Linux Applications

What is better than GNOME, in what ways

Gnome is a fantastic way to run your desktop but it is not right for everyone. Maybe, you may like to switch to another for specific tasks. For performance reasons, user and computer, you may want another desktop. This is particularly interesting for people who work with specific activities. A programmer becomes accustomed to using the keyboard and a graphic designer may need more power. In this post you will hear about some other desktop environments and their benefits and drawbacks.

Why change to another window manager or desktop environment?

As hinted earlier, each window manager has their own philosophy. GNOME is trying to help and add helpful features, including notifications, extensions and other fun stuff. For many users this is bloat, it just loads the computer and the senses. When you decide that your current window manager is not the best choice for you, you must start by identifying what is wrong with your current situation. Are you running out of resources starting your main application or are you just tired of unwanted notifications? Perhaps, you just want to be the cool hacker who made your own. Just decide, here are some pointers about where to go once you have decided.

Tiling and floating windows.

One interesting aspect of window managers is that, it is not hard coded that your windows “float” around your desktop. Floating means that your windows can have any place, almost any size and shape on the desktop. If you run all your applications in full screen mode, then you might as well tile them. A tiling window manager takes the application and gives it all the space available. The first window covers the whole screen, the next application takes one half and shoves the first one to the side. There are many other ways to share the screen. With this system, you also have work spaces or tags to make it possible to have any application in full screen.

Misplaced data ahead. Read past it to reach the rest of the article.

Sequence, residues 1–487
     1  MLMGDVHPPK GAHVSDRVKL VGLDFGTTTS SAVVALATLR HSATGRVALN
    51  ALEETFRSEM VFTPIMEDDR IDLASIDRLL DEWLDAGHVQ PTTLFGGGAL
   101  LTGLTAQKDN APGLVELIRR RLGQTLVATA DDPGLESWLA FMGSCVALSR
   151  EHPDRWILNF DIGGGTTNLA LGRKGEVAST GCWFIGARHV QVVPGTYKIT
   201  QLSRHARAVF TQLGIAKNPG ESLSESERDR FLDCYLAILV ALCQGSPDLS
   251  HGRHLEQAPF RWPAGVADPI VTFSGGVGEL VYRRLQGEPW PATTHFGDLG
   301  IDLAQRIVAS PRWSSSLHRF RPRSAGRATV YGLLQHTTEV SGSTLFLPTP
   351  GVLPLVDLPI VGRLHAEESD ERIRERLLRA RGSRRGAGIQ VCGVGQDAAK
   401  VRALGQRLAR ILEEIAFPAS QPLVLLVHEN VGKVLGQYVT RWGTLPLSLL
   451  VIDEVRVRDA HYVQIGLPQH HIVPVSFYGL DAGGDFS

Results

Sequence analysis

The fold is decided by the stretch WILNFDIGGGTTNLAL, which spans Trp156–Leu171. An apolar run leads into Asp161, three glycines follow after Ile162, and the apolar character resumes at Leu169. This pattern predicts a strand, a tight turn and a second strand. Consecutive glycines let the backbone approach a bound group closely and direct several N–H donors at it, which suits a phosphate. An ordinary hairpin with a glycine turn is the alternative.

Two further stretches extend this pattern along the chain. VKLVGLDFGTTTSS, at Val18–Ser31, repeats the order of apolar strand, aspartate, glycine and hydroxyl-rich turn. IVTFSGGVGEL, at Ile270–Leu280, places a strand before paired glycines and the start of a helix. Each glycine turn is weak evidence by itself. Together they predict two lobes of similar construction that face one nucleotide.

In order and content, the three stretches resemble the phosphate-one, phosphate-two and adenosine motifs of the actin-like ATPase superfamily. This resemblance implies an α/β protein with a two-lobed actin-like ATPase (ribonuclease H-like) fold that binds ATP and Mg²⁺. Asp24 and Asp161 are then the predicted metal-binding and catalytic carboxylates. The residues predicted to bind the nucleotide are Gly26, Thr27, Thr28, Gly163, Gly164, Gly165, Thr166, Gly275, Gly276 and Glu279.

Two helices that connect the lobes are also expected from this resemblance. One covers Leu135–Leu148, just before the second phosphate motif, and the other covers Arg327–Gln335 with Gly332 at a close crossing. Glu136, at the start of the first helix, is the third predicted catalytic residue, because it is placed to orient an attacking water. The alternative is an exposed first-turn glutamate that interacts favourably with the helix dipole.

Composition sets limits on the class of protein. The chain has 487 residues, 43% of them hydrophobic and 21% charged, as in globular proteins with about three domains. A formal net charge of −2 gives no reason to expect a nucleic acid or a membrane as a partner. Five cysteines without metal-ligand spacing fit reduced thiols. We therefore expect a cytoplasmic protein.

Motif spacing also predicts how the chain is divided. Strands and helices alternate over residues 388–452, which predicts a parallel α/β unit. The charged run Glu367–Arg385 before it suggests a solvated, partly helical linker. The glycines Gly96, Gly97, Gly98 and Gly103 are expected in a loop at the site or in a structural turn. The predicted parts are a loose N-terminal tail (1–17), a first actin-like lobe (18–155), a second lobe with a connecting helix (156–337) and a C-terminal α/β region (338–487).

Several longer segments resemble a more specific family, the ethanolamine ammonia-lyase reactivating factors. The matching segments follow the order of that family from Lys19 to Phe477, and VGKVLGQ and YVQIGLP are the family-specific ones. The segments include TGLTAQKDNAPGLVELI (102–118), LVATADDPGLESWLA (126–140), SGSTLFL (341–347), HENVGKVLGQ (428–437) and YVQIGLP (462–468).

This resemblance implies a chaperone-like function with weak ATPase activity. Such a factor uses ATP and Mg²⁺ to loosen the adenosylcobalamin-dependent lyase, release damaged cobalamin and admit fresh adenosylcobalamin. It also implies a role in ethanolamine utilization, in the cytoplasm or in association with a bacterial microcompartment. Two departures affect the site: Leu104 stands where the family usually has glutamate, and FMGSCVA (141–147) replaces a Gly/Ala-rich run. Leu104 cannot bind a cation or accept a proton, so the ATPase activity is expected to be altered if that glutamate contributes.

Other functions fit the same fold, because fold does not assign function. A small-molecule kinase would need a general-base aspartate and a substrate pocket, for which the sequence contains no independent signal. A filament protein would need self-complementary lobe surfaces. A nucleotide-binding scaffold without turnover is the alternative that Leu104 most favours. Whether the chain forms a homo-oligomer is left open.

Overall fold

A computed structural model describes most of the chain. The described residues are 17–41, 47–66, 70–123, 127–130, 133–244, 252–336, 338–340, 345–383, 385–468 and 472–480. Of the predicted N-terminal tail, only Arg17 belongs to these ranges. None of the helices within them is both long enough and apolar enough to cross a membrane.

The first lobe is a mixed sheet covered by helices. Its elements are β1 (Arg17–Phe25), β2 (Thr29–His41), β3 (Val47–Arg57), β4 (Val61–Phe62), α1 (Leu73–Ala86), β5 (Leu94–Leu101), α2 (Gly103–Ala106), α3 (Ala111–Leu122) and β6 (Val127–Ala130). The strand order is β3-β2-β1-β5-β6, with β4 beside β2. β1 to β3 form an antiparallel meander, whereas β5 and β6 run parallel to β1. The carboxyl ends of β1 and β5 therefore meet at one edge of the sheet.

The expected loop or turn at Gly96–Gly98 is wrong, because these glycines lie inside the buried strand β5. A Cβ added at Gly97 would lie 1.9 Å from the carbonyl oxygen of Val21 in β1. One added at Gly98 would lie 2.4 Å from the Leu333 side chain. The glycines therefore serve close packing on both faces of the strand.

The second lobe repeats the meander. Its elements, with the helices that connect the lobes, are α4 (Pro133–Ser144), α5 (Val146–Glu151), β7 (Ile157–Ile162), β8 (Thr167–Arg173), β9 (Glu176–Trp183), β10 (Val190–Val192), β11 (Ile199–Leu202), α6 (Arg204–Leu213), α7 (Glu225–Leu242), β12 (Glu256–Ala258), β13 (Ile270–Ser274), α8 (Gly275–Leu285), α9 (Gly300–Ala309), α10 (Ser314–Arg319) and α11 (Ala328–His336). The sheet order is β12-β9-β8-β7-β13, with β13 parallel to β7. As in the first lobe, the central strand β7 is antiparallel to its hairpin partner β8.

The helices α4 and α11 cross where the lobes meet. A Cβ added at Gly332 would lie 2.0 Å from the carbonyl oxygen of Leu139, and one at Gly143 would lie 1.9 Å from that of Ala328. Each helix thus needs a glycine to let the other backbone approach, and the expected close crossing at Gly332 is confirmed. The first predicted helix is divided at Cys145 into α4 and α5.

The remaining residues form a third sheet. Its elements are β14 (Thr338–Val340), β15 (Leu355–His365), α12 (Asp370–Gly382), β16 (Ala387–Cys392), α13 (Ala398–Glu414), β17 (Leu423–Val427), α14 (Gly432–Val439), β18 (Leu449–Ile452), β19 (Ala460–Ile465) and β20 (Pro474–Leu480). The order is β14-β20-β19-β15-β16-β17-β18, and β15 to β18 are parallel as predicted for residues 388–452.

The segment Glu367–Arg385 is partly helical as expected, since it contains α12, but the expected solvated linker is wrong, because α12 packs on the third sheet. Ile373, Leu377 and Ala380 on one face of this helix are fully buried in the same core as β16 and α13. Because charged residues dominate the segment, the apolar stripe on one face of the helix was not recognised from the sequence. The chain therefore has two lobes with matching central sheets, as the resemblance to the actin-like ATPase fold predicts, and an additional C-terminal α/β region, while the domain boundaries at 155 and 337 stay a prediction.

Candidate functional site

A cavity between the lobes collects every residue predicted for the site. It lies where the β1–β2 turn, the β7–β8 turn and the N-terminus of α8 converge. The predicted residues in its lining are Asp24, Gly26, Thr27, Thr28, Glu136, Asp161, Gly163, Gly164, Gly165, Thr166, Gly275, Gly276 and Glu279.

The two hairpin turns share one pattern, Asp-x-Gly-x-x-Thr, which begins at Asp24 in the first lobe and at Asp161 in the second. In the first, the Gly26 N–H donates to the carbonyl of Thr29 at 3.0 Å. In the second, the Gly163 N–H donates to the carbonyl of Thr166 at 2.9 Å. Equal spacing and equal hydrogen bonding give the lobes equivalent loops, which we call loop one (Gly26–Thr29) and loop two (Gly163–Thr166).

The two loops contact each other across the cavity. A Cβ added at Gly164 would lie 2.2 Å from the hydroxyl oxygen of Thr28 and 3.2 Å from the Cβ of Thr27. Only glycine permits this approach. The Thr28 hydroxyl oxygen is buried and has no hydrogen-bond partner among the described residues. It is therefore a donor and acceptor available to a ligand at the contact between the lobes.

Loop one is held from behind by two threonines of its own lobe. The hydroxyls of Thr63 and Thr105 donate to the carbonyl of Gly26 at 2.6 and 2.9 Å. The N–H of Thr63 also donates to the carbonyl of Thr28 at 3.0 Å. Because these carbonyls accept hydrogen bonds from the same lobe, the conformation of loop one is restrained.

Initially full of features or bake your own?

When you get a regular distribution, GNOME comes with a bunch of features that you may or may not want. As in GNOME and other common systems, you can also add extensions. When you start digging for other solutions, you will see that there are choices that range from having it all from the start till almost useless without tinkering. All of these suggestions point to systems where this choice have been made deliberately.


In this comparison, the dwm manager, form suckless tools, is the “bake yourself” variety. The initial code is just 2000 lines long and has a very sparse set of features available in that code. In fact, the designers state that it is not recommended to install the vanilla version from your distribution. Instead, you should look through the available patches and choose the features you need and compile them yourself. It may sound hardcore but if you choose just a few patches and use the right method, you should be able to so it even with limited C coding experience. Yes, that is correct; the whole thing is written in C. If you want anything interesting on your taskbar, you need to use and external tool. For picking a file to run, the suckless tool dmenu, unless you find rofi more appealing. This manager is great for keeping resource management to a minimum and give you a clean desktop. You need to do some hacking before it looks good for you though.